Our Guide to the Animation Production Process
Whatever project you’re working on right now, there’s a good chance animation could be the answer. The world of 2D and 3D animation is beautiful and mysterious – entire worlds are created, and all from the comfort of a desktop. However, if you don’t have a guide, the pre-production animation process can be daunting.
Here at Pebble, we have a deep respect for the art of animation and we’re always happy to share our expertise. You might want to know how to animate a video or how animation works: while these are big, complex questions, we can certainly provide you a place to start. Let us give you a brief overview of the things you need to know about different aspects of the 2D animation process.
What is video animation?
Video animation is animation produced to be viewed on a small screen, like a computer, web browser or smartphone. Animated videos use 3D or, more often, 2D vector animation, and they are characterised by the relative speed of their production, their shareability and the short time they take to load online. Video animation is usually produced with the aim of conveying information to the widest possible audience.
What is 2D vector-based animation?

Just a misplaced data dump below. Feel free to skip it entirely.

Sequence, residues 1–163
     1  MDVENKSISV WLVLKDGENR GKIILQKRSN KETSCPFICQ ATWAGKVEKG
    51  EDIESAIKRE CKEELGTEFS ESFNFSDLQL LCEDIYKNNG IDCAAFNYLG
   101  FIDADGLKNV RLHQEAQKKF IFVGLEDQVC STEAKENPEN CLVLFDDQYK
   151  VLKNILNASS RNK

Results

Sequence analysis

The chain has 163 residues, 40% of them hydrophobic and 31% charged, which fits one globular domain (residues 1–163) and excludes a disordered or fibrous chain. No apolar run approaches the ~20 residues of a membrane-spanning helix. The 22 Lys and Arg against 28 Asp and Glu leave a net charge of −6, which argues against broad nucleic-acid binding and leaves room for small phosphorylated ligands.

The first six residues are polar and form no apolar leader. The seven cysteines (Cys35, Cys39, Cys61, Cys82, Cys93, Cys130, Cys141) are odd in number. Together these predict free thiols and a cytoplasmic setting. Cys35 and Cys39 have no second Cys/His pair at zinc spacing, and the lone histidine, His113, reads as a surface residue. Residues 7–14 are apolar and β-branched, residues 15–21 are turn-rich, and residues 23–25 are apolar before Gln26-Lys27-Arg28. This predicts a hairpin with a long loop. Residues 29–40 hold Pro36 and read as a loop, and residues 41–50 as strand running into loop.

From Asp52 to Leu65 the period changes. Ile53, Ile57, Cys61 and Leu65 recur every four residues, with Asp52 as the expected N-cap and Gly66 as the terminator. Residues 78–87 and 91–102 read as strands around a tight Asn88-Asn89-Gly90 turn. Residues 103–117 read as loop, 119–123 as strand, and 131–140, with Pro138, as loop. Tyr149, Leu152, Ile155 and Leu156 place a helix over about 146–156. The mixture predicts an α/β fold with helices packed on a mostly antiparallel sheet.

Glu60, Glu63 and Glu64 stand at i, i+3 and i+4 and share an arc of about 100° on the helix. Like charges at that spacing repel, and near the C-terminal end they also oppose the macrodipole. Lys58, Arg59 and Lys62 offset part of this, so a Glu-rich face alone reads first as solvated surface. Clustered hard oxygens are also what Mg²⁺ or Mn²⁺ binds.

2D vector-based animation is what results when you marry the discipline of traditional hand-drawn animation with a computer’s processing power. Using vectors allows the animator a way of bringing their characters to life without having to re-draw for each new frame and it is what helps the 2D animation production process go a lot quicker. Once an animator has designed a character and created it in their chosen software, they can manipulate the character rig (a kind of 2D skeleton) so they don’t have to redraw everything for each new movement.
How does the editing process work in animation?
If you’ve ever wondered how to edit animated videos, you probably imagine the more well-known live action version of the process where acres of footage are shot and then the editor goes through everything, selecting and trimming footage. This is not how to make short animated videos, as the editing process is almost entirely the reverse of live action.
An animation editor does much of their work during the pre-production process, working with the script writer and director to plan the shots ahead of time and then creating a rough ‘scratch’ version of the final product using sketches and temporary music and voice tracks. This is why working with animated videos can be so satisfying – with the proper planning, you can make sure you get absolutely everything you need without any wastage.
If you’re looking to create an animation or are considering using animated material for your next project, download our free guide, which takes an in-depth look at the pre- and post-production processes in animation, and gives you top tips on how to create stunning animated work.